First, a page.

More than one in four schools nationwide need to improve to satisfy the No Child Left Behind Act.
The law, known as No Child Left Behind, seeks to raise achievement by meting out sanctions to schools that fail to reach achievement targets on standardized tests. It has succeeded in focusing educators’ energies on closing the achievement gap between disadvantaged students and others, said the study, by the Center on Education Policy, a nonpartisan group.
But requirements that many educators consider unworkable are stirring resentment and could undermine commitment to the law’s goals, the study said. Among the most disputed passages are those that penalize schools whose disabled students or non-English-speaking students fail to score as highly as other students, the study found.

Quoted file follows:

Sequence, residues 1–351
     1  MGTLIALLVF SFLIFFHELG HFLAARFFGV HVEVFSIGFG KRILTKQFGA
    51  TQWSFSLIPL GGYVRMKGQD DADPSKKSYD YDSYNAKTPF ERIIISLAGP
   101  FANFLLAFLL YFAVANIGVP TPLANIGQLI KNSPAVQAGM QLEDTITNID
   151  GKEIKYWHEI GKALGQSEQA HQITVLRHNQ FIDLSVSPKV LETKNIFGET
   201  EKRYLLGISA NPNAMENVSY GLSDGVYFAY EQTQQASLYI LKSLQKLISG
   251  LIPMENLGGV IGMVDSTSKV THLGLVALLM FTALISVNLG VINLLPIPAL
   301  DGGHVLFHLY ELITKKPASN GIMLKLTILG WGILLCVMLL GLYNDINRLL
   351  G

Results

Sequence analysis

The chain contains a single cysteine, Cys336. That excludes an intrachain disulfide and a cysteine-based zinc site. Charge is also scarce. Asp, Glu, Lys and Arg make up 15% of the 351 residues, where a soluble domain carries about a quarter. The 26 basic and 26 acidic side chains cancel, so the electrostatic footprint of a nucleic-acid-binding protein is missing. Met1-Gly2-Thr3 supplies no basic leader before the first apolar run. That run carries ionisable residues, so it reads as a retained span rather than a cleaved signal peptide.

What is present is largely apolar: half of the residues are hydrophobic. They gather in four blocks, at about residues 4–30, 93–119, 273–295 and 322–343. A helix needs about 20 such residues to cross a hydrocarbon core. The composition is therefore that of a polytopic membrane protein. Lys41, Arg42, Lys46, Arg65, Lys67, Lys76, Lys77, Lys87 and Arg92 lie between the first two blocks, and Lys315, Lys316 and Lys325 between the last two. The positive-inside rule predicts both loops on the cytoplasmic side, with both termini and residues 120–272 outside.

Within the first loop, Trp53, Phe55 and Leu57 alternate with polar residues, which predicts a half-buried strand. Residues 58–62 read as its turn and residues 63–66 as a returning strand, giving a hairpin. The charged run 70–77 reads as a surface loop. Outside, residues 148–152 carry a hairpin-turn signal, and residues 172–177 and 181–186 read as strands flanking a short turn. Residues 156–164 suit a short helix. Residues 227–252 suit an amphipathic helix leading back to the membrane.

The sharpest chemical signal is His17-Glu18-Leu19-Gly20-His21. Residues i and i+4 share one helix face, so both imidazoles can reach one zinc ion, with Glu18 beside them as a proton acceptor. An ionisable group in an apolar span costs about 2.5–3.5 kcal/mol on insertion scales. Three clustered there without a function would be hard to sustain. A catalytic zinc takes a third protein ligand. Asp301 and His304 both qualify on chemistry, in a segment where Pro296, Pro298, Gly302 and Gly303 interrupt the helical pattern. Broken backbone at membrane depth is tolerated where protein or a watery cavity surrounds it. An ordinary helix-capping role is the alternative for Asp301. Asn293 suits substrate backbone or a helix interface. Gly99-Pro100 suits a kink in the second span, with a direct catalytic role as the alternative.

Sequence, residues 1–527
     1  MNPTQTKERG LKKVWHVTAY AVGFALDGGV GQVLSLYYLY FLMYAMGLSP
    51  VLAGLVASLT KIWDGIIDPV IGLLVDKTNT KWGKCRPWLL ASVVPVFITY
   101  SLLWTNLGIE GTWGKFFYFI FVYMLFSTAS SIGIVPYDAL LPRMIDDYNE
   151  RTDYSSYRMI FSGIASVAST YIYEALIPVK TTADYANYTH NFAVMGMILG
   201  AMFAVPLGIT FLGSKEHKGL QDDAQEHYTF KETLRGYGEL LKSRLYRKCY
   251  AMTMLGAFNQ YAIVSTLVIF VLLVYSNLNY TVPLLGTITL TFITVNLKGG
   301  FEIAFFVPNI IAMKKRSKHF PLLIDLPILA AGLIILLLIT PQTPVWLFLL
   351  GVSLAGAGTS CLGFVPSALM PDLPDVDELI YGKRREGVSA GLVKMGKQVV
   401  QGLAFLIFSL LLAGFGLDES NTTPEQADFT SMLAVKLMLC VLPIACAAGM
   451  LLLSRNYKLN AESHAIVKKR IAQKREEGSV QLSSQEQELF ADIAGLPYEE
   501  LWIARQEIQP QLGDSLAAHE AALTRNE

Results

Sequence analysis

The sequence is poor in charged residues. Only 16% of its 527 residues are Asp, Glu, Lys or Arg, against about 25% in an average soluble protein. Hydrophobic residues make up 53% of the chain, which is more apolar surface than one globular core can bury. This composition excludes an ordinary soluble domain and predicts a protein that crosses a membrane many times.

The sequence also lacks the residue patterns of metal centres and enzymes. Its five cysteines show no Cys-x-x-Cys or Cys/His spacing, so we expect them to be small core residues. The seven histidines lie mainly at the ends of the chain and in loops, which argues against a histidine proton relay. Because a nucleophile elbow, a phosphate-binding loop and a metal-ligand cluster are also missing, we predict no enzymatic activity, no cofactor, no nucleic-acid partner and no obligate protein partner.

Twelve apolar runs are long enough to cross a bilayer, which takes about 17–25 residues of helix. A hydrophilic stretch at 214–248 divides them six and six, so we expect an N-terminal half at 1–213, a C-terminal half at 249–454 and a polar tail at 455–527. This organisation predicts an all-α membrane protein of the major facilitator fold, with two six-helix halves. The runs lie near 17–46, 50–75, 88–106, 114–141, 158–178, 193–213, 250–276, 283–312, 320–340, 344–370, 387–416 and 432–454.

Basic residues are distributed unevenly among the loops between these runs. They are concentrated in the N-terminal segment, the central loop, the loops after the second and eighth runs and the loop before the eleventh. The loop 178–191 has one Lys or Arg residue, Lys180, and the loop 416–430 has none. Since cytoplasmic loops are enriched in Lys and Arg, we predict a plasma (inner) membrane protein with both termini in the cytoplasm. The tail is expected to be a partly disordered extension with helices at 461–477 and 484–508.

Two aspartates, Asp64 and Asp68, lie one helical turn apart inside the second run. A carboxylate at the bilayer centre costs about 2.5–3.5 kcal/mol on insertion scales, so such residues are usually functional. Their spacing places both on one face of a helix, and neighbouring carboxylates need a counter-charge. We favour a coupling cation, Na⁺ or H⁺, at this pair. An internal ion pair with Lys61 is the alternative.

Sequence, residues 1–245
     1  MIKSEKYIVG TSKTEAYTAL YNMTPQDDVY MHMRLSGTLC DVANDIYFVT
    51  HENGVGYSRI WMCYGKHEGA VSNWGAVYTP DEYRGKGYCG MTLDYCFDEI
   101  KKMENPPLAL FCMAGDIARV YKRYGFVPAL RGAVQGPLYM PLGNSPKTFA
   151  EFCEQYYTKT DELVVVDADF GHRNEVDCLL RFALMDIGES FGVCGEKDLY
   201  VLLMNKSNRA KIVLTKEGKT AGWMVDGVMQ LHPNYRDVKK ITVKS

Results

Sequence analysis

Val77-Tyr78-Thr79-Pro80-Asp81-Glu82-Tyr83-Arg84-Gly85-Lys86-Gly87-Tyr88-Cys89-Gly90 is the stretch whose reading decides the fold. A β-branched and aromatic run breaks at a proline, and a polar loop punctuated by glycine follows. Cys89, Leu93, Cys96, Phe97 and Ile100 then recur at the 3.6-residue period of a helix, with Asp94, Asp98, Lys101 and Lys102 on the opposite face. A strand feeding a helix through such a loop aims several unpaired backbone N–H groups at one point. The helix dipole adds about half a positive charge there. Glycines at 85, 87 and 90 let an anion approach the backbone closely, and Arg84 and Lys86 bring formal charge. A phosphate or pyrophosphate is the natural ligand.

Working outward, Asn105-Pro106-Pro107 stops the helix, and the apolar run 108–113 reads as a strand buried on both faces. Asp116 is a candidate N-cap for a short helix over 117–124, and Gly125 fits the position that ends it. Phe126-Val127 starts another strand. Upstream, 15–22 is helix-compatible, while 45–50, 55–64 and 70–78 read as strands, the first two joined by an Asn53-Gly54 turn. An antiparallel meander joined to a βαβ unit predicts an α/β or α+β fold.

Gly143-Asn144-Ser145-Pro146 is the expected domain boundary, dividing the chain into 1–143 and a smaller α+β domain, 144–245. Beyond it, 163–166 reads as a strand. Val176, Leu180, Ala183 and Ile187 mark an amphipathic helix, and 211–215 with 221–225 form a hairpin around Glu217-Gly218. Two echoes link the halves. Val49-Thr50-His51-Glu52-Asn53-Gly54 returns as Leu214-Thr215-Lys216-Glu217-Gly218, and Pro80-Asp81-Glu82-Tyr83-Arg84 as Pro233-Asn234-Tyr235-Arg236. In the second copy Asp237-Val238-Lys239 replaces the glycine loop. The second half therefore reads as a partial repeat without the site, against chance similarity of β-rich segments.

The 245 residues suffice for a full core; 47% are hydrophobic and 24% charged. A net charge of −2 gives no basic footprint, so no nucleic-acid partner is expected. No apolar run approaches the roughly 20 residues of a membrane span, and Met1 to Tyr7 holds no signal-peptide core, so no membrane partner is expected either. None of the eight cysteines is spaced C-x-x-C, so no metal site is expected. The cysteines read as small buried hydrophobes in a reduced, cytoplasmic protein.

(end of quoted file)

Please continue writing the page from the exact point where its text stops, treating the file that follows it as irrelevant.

Actually, subgroups just have to show progress toward eventual proficiency.
One unnamed official cited in the study ridiculed the law’s tendency to label thousands of public schools as “needing improvement,” a legal euphemism for failing.
Well, maybe “needing improvement” means that some schools need to improve so that all children make progress — not just the students who are easy to educate.
While few students in needs-improvement schools are using the law’s transfer provisions, about half are receiving extra tutoring.
Update: To my surprise, the New York Times ran an excellent editorial Tuesday on No Child Left Behind, focusing on the need to include most children in special education programs.